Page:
HMS Zealous (R39)

The Royal Navy during the Second World War A27537.jpg
HMS Zealous moored at Gourock, March 1945
History
United Kingdom
Name: HMS Zealous
Ordered: 12 February 1942
Builder: Cammell Laird
Laid down: 5 May 1943
Launched: 28 February 1944
Commissioned: 9 October 1944
Out of service: Sold to Israel, 15 July 1955
Israel
Name: INS Eilat
Acquired: 15 July 1955
Commissioned: July 1956
Fate: Sunk 21 October 1967
General characteristics
Class and type: Z-class destroyer
Displacement: 1,710 tons
Length: 362.7 ft (110.6 m)
Beam: 35.7 ft (10.9 m)
Propulsion:
  • Geared turbines
  • two shafts
  • 40,000  hp (30,000 kW)
Speed: 37 knots (69 km/h; 43 mph)
Complement: 186
Armament:

HMS Zealous was a Z-class destroyer of the Royal Navy built in 1944 by Cammell Laird. She served during the Second World War, participating in operations in the North Sea and off the Norwegian coast, before taking part in some of the Arctic convoys. She spent a further ten years in Royal Navy service after the end of the war, before being sold to the Israeli Navy, which operated her as INS Eilat. She saw action during the Suez Crisis in 1956, attacking Egyptian ships and was still active by the outbreak of the Six-Day War in 1967. She was sunk several months after the conflict by missiles launched from several small Egyptian missile boats; this made her the first vessel to be sunk by a missile boat in wartime. It was an important milestone in naval surface warfare, which aroused considerable interest around the world in the development of small manoeuvrable missile boats.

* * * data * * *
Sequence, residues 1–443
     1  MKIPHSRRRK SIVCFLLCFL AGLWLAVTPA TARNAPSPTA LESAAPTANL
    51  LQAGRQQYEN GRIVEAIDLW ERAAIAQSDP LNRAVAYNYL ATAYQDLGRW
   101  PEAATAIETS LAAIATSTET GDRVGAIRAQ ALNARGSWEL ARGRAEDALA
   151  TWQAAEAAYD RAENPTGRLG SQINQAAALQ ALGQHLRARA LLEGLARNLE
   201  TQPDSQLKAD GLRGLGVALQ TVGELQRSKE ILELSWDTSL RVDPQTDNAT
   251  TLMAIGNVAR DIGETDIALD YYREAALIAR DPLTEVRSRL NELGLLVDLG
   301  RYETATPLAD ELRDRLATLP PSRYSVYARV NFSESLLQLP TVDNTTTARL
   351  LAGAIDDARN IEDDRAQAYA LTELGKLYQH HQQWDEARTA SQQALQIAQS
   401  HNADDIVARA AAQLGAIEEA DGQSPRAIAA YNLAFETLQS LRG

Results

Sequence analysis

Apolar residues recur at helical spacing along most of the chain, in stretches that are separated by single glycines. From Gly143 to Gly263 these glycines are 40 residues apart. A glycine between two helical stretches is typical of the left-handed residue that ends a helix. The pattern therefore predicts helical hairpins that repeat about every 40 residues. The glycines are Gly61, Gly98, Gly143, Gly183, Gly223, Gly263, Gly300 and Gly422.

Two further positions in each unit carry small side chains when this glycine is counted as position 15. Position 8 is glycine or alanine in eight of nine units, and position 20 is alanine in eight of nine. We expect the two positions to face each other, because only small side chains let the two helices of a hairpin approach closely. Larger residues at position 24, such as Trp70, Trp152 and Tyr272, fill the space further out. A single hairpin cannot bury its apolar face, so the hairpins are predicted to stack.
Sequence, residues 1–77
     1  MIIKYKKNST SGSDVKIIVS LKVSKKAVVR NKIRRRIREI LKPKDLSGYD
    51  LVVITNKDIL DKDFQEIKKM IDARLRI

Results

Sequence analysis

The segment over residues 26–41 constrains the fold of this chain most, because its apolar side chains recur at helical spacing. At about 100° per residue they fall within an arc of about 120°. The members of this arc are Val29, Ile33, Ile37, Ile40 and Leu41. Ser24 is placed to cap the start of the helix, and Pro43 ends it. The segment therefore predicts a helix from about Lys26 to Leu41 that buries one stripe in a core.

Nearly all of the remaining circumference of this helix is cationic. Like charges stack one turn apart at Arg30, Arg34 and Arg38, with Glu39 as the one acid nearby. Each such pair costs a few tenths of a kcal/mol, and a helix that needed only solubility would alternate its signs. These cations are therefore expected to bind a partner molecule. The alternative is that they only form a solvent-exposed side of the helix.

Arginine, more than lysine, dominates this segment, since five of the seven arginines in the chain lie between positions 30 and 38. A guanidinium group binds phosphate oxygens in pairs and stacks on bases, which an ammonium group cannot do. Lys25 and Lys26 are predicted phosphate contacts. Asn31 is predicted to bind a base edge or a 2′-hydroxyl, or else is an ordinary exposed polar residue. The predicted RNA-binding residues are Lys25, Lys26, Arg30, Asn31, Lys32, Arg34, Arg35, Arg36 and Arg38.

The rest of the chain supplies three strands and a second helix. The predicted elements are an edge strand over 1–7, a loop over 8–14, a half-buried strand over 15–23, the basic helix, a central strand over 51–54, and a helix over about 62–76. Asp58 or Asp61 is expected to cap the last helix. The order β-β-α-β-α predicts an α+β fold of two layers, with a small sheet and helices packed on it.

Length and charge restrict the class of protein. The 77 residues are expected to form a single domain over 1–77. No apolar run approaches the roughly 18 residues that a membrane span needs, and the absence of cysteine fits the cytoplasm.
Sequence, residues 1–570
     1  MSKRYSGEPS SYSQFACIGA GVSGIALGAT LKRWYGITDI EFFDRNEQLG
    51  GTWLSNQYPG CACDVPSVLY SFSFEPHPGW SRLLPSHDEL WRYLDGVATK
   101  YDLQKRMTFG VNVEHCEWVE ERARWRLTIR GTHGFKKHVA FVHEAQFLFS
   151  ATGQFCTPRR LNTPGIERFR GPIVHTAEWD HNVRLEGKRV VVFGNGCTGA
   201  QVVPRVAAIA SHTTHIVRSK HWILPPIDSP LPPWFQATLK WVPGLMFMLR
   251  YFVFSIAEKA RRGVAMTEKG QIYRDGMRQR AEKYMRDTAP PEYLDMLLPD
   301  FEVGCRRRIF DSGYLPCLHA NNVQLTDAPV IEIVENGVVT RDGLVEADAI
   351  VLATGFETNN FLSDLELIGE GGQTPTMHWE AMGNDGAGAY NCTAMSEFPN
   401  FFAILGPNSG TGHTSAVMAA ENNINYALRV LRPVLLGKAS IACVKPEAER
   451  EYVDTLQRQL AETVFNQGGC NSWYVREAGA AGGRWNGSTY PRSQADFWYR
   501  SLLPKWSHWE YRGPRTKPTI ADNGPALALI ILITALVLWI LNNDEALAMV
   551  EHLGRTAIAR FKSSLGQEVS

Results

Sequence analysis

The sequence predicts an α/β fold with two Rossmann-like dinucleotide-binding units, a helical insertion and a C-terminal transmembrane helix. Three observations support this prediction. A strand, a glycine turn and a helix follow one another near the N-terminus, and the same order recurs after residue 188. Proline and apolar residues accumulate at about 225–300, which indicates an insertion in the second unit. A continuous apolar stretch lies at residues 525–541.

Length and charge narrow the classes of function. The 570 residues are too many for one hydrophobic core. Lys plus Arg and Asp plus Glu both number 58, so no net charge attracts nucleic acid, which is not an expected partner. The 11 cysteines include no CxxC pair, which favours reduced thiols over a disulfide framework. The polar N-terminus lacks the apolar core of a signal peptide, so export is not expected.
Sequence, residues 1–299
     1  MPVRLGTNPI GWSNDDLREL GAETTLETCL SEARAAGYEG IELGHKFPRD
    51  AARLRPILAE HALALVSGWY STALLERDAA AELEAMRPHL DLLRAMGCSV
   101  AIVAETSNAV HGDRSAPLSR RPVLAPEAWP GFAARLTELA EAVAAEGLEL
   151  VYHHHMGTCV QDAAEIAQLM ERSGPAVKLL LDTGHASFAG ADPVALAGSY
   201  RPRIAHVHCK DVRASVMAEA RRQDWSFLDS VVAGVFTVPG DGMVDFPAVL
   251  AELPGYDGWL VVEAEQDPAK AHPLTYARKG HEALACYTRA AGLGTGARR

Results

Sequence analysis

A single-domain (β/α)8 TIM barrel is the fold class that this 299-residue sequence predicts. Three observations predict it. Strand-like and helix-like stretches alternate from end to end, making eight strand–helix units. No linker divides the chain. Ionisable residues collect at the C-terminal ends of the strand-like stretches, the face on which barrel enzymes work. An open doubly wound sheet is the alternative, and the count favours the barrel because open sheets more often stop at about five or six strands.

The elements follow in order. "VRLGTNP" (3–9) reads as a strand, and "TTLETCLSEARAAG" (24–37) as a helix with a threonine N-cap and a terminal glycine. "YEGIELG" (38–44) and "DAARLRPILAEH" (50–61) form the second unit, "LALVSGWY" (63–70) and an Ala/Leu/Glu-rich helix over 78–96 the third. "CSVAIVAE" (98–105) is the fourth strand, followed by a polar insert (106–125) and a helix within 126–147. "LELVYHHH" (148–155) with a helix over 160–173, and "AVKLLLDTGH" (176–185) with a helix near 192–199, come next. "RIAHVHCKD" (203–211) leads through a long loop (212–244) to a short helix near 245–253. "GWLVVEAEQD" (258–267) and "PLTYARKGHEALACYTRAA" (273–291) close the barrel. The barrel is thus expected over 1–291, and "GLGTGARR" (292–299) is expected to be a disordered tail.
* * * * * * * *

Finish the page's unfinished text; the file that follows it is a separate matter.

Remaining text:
Second World War

Zealous was one of four British destroyers of the Home Fleet that rescued 525 Norwegians, who had been hiding from German patrols in caves on the snow-covered mountains of Sørøya island, Norway for three months. The rescue involved the destroyers on a daring race 60 miles (97 km) behind enemy lines. The Norwegians were safely evacuated to the British port of Gourock.

Zealous made two trips from the UK to Russia as part of the Arctic Convoys taking supplies around Norway to Kola. Under the guidance of Commander R.F. Jessel RN DSO she ran the gauntlet of German U-Boats and aircraft.

On 5 April 1945 she was involved in an attack on a convoy entering the Jøssingfjord on the coast of Norway. One merchant ship was sunk and two were damaged. [1] When the Germans were on the brink of capitulation, the ship was ordered to Copenhagen. There she was mistaken by excited German soldiers as a German destroyer sent to evacuate them.[ citation needed]